Utilizing similar automatic transfer machine systems and similar parts to manufacture the same standard type of car component, productivity at the Japanese mother plant remained higher by 10 % than that at the U.S. transplant in the early 2010s. Japanese manufacturing engineers at the headquarters and the mother plant developed ways to introduce more efficient automatic transfer machine systems into the mother plant in 2002. In 2003, the transfer machine systems were modified in order to be introduced at the U.S. transplant. To respond to the new transfer machine systems, the assistant first-line supervisors at the mother plant had the production workers acquire some electrical troubleshooting skills in addition to mechanical troubleshooting skills, based on trusting relationships with production workers. At the U.S. transplant, however, production workers’ skills were separated from troubleshooting skills. The U.S. transplant introduced new production expert positions to provide troubleshooting in 1999. However, exercising the right to choice concerning transfers that they had via a seniority-based job-bid system, some of the production experts moved to higher wage maintenance jobs. Although manufacturing engineers at the U.S. transplant participated in modifying new automatic transfer machine systems employing advanced technology, the American manufacturing engineers played more partial roles than did their Japanese counterparts at the mother plant.
Hiromichi Shibata

Chapter 3. The Transplants in Thailand and China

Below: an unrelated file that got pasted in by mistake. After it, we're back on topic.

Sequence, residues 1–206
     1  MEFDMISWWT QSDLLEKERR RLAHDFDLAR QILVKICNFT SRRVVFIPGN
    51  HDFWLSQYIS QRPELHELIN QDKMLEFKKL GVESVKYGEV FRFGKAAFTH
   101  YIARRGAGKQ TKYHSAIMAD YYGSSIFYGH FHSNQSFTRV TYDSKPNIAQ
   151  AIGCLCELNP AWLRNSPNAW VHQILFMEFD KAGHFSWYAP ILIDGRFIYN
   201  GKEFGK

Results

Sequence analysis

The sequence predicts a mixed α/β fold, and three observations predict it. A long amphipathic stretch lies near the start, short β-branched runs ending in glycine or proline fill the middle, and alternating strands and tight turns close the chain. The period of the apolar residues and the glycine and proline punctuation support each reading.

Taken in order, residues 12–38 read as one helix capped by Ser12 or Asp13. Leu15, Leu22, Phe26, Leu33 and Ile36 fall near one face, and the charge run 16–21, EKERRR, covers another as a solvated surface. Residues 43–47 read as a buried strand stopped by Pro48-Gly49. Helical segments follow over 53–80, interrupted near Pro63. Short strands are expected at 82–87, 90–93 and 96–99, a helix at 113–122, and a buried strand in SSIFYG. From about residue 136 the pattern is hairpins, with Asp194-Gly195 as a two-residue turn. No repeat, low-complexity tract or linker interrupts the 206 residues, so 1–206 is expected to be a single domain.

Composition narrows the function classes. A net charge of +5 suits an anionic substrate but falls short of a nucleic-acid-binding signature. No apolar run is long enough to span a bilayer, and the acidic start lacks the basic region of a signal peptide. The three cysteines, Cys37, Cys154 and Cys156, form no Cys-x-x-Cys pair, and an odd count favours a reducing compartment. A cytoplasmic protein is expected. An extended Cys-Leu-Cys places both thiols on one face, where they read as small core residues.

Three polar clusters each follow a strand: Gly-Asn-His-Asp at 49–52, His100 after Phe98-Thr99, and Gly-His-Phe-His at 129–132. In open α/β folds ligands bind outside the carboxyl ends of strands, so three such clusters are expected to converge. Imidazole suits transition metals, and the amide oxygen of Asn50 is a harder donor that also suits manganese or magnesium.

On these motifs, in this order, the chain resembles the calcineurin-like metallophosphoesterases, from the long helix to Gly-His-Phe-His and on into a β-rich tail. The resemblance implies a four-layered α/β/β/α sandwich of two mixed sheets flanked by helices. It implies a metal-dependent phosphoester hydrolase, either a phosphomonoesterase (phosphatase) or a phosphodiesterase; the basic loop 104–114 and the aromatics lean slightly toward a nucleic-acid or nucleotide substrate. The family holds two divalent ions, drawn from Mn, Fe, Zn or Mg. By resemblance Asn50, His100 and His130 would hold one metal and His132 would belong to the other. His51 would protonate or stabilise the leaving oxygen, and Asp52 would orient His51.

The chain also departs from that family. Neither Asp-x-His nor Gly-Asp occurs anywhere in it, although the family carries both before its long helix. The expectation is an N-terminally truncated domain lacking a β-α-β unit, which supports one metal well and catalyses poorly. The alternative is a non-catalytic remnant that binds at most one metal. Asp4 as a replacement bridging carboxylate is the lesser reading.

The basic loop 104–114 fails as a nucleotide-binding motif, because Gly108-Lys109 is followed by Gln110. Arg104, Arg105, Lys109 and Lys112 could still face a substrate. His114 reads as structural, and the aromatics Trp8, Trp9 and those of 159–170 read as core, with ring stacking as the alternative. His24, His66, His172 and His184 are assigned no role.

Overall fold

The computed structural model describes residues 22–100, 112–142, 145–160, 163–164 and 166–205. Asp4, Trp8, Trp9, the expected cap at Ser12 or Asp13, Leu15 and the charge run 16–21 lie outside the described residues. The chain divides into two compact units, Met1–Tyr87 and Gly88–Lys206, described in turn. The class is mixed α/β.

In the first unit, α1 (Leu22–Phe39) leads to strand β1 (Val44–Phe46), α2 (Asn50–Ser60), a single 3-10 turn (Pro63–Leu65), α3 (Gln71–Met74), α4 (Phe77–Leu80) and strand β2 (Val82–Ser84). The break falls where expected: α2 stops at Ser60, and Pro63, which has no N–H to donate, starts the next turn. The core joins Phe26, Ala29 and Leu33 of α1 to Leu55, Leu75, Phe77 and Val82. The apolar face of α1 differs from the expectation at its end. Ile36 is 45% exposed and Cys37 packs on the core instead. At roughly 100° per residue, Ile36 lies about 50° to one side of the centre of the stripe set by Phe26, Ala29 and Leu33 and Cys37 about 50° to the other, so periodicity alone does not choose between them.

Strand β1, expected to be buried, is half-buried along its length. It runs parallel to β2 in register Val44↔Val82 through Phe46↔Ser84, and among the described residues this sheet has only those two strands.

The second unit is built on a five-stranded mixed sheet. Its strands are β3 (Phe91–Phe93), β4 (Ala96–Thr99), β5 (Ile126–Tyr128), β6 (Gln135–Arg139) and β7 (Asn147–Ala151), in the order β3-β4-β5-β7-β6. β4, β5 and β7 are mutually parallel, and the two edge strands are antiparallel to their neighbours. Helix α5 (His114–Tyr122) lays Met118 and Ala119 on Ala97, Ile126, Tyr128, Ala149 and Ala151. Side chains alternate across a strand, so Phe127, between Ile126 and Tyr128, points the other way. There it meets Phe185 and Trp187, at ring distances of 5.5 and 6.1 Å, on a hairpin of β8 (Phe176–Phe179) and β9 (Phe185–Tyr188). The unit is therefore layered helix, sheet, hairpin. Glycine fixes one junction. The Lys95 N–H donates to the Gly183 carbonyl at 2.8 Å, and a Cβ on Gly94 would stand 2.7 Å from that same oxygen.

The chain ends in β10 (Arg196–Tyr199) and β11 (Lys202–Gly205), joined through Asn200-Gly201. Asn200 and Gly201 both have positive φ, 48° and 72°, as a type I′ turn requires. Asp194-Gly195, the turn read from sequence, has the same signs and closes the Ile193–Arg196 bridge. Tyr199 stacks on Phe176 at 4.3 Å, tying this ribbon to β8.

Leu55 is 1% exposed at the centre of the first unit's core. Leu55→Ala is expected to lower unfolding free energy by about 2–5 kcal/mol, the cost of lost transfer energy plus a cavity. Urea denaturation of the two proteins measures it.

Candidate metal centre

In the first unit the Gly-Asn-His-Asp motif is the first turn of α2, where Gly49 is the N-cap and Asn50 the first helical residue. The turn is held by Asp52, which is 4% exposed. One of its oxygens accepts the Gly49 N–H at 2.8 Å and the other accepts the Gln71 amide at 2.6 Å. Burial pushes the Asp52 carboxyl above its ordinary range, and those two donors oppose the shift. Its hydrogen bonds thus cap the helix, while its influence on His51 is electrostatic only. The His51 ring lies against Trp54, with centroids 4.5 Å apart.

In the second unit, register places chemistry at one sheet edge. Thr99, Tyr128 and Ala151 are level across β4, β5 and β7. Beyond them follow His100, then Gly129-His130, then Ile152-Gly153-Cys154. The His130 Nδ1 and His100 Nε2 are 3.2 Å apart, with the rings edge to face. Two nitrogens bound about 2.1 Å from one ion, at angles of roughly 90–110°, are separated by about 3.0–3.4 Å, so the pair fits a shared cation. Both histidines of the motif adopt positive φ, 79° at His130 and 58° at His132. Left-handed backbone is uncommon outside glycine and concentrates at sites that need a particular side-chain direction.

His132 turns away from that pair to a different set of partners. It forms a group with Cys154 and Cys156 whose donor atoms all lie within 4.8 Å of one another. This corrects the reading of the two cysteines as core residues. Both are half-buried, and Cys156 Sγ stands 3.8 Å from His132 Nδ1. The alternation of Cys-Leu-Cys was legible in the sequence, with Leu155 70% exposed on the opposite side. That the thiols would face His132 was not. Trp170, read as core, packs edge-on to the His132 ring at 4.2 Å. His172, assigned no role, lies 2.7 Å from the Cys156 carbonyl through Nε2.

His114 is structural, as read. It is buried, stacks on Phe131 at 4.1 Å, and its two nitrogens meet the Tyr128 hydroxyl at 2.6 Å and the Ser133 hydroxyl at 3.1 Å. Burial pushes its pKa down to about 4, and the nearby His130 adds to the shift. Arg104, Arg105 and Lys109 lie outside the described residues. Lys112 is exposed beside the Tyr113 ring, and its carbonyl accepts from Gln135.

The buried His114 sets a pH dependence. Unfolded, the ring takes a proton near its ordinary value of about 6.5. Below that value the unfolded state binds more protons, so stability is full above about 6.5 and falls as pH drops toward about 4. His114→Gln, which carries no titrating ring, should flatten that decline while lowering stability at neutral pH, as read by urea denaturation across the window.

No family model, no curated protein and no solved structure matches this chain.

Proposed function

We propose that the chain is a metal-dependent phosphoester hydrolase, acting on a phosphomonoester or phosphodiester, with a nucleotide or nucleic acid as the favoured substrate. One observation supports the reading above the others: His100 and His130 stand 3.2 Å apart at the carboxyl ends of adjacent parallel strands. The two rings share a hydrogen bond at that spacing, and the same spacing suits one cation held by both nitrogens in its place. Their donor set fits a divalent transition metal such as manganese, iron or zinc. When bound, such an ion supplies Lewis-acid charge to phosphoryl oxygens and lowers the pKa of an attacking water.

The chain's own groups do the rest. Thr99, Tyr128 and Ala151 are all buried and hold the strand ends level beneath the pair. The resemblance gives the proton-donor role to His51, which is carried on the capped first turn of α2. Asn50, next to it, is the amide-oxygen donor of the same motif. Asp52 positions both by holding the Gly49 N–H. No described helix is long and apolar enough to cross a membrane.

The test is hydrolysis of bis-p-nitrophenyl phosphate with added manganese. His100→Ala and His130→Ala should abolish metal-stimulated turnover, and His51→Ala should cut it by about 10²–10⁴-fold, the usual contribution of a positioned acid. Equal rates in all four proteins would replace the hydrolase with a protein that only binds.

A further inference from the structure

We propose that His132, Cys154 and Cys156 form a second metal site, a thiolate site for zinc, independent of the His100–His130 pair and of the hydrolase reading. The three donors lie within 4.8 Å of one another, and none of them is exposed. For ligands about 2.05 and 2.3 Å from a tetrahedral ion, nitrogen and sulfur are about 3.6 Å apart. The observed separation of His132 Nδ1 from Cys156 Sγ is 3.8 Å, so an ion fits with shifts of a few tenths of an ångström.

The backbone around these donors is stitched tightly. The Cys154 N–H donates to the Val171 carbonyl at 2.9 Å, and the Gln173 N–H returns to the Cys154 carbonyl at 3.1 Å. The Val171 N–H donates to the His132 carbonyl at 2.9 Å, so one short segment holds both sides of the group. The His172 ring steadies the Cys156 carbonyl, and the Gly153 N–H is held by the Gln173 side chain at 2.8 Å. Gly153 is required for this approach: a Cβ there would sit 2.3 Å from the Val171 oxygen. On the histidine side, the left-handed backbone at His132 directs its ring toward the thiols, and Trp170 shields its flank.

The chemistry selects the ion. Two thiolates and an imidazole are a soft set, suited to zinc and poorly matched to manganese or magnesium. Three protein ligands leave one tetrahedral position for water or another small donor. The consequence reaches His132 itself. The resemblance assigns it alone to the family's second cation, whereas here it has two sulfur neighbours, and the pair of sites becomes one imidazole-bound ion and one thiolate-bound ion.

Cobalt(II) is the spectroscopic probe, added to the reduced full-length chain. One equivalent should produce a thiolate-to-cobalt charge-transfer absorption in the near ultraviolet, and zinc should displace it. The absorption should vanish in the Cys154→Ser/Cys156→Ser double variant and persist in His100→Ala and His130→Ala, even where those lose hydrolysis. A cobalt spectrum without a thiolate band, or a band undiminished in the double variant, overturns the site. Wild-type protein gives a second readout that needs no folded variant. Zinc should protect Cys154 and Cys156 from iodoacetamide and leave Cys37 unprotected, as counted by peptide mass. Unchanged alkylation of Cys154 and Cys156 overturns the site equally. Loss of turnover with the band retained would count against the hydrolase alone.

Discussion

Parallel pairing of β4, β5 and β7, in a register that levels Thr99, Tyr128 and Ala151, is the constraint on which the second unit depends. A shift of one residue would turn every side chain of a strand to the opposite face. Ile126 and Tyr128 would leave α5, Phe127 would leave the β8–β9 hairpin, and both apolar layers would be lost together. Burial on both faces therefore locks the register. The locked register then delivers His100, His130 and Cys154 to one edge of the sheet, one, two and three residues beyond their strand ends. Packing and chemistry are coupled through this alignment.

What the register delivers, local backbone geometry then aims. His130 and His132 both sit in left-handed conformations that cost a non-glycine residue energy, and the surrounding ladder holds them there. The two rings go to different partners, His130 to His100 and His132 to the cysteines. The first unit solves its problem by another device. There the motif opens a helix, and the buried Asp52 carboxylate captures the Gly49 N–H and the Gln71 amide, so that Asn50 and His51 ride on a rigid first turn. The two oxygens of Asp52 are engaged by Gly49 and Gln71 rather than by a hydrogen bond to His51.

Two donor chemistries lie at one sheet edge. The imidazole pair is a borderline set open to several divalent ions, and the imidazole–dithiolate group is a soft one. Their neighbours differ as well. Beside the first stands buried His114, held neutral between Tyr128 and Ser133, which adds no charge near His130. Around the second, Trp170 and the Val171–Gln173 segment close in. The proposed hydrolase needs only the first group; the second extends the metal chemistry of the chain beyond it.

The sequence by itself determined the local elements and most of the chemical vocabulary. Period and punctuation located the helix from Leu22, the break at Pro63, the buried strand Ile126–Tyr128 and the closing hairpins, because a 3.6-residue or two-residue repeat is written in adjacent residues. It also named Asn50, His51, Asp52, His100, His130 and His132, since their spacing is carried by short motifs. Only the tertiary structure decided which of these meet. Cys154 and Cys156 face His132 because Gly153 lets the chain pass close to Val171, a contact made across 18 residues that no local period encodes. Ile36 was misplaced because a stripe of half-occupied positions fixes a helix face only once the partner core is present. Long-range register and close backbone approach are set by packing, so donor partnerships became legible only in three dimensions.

Although the Thai and Chinese transplants had manufactured an older type of car component until the mid-2000s, both transplants have utilized similar traditional assembly lines to produce the same standard type of car component as the Japanese mother plant and the U.S. transplant did using automatic transfer machine systems. The Chinese transplant has aimed to match the productivity goals of the Thai transplant, not of the Japanese mother plant. Productivity at the Thai transplant, which was by far the highest among the transplants utilizing traditional assembly lines, was higher by 10 % than productivity at the Chinese transplant in the early 2010s. Production workers at the Thai and Chinese transplants were prohibited from troubleshooting by assistant first-line supervisors. The assistant first-line supervisors at both transplants executed limited control over production workers. The roles of manufacturing engineers at the Thai and Chinese transplants were partial and limited. Manufacturing engineers at the Thai transplant played new supporting roles in other transplants in ASEAN countries. Facing difficulties in workplace control due to the plant’s history, the Chinese transplant retained energetic and high-potential manufacturing engineers.
Hiromichi Shibata

Chapter 4. Conclusion

Productivity and work practices show only limited convergence across the Japanese mother plant and the U.S., Thai, and Chinese transplants. Productivity gaps between the mother plant and the U.S. transplant and productivity differences between the Thai and Chinese transplants still remain at 10 %. Production workers’ skills that are integrated with troubleshooting skills in Japan contrast with production workers’ skills separated from troubleshooting skills in the United States, Thailand, and China. Decision-making by assistant first-line supervisors based on trusting relationships with workers in Japan differs from supervisors’ limited control over workers and frequent worker initiated job transfers (by individual choice) in the United States, Thailand, and China. Manufacturing engineers at the mother plant play full/linking roles, including involvement in production line design innovation and production method development, whereas manufacturing engineers at the U.S., Thai, and Chinese transplants play partial/limited roles. One of the main reasons for the differences is the key characteristic of “integration with employment stability” in Japan versus “independence with job instability” in the United States, Thailand, and China, these being influenced by embedded social norms and institutional factors. Also influential is the reluctance of Japanese managers to transfer successful work practices developed at the mother plant to its transplants.
Hiromichi Shibata

Backmatter